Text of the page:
Novel preservation state of Dolerotheca (medullosalean male organ) from the Late Pennsylvanian of the Sydney Coalfield, Nova Scotia, Canada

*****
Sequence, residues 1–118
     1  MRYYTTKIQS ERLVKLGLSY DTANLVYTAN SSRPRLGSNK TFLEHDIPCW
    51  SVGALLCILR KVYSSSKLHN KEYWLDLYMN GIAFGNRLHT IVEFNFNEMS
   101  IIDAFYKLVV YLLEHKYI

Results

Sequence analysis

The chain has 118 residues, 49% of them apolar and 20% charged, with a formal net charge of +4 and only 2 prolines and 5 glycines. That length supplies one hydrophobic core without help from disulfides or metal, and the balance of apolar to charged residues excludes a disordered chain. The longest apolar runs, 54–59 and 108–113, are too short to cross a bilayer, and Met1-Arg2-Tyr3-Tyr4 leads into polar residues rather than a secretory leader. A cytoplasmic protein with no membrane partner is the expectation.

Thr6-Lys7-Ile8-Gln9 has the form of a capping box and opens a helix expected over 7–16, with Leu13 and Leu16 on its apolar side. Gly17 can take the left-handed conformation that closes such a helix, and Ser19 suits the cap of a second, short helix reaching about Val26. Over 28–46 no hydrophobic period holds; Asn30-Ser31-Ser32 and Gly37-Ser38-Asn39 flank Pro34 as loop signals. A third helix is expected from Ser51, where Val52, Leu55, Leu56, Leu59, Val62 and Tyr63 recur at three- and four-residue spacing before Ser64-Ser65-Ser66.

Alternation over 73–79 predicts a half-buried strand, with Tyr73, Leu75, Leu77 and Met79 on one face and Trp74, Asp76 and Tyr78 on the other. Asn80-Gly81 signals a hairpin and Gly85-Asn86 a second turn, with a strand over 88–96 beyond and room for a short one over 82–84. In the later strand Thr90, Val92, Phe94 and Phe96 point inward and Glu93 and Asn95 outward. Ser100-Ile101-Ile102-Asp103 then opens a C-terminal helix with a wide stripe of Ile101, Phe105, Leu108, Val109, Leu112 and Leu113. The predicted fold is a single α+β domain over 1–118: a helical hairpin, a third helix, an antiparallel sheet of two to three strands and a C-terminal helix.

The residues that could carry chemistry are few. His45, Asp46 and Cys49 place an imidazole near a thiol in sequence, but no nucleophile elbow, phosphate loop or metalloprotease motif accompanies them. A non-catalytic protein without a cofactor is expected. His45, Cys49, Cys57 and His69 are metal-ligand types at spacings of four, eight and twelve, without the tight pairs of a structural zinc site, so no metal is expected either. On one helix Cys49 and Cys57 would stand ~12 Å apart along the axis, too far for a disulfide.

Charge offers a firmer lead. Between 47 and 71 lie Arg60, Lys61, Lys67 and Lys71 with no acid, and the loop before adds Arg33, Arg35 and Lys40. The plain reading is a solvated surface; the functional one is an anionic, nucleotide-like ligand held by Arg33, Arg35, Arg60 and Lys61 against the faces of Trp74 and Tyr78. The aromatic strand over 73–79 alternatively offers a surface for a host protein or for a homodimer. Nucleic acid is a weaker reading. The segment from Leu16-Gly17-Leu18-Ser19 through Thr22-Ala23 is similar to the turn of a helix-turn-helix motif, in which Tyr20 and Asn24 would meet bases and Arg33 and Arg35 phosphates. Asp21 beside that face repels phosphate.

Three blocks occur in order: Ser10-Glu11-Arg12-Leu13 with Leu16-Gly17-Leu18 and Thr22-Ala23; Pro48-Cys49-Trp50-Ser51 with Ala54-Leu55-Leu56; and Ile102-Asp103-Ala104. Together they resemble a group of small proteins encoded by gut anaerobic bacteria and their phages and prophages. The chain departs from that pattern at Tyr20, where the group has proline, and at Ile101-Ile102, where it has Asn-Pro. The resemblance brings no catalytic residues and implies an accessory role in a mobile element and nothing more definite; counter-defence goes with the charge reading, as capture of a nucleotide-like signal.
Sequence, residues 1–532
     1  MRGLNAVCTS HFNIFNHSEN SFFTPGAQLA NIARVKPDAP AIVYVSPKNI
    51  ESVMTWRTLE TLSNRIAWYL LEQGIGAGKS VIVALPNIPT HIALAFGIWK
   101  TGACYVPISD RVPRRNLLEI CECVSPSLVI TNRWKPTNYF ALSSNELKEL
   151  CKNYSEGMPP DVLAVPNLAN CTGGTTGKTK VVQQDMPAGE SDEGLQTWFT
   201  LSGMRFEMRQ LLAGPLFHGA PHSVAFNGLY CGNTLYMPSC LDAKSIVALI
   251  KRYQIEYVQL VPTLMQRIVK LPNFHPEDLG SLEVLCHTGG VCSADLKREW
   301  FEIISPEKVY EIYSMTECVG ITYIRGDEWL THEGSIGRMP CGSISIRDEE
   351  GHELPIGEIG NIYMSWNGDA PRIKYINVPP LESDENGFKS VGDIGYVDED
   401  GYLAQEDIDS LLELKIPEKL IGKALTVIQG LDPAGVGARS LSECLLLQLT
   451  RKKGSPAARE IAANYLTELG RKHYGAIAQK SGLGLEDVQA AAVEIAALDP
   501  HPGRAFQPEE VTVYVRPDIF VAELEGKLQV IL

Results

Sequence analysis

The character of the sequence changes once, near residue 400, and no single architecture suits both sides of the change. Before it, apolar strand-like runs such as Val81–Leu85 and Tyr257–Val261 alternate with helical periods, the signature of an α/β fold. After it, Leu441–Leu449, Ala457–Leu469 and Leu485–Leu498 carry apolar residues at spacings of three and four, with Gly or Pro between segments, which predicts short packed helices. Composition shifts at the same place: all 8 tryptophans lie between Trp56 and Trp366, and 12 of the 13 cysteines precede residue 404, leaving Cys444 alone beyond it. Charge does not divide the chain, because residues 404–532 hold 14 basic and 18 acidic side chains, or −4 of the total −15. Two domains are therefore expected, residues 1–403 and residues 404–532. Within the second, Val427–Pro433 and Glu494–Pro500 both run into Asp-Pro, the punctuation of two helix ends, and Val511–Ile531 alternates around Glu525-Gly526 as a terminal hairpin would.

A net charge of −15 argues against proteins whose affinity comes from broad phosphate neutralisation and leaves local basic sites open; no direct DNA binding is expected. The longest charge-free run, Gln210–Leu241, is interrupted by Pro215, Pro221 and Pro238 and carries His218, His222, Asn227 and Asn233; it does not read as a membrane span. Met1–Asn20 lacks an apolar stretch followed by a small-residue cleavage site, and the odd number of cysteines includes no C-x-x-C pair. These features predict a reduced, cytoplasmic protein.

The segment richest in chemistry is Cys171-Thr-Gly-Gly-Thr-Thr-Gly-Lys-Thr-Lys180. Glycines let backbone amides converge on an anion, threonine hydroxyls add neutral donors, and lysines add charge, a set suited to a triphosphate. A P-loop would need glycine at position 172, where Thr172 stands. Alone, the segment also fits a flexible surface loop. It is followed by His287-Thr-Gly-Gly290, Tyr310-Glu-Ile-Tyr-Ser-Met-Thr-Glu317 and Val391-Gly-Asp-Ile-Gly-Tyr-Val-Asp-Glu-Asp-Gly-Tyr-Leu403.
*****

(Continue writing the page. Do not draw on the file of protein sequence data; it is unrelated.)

AbstractA new preservation state for the medullosalean male organ Dolerotheca is exemplified by a detached 31-mm sideritic mold with intact coalified compression from shale from the roof of a coal seam in the Sydney Coalfield, Cape Breton Island, Nova Scotia, Canada. Clearly recognizable in the specimen is the quadripartite campanulum. Furthermore, maceration yielded significant internal information on acellular, cuticular, stomatiferous and pubescent surfaces, and prepollen sacs with grains. Stomata are rare and of the cyclocytic type. The rectangular prepollen sacs occur as doubly paired rows of sporangia that are radially arranged, and contain ellipsoidal prepollen grains 400−520 μm long and circular prepollen grains 330−460 μm in diameter. The approximate ratio of circular to ellipsoidal grains is 1:2. Regardless of shape, the prepollen grains are attributable to the genus Monoletes. The circular grains bear vestigial trilete marks. Infrared-based functional-group chemistry distinguishes between the cover-type compression state and prepollen grains on the basis of higher aliphatic and oxygenated group contents in the grains. In summary, the specimen represents a novel state of nodular preservation with intact compression. Although the specimen is attributed to the genus Dolerotheca, specific assignment is not possible because of limited preservation and material.
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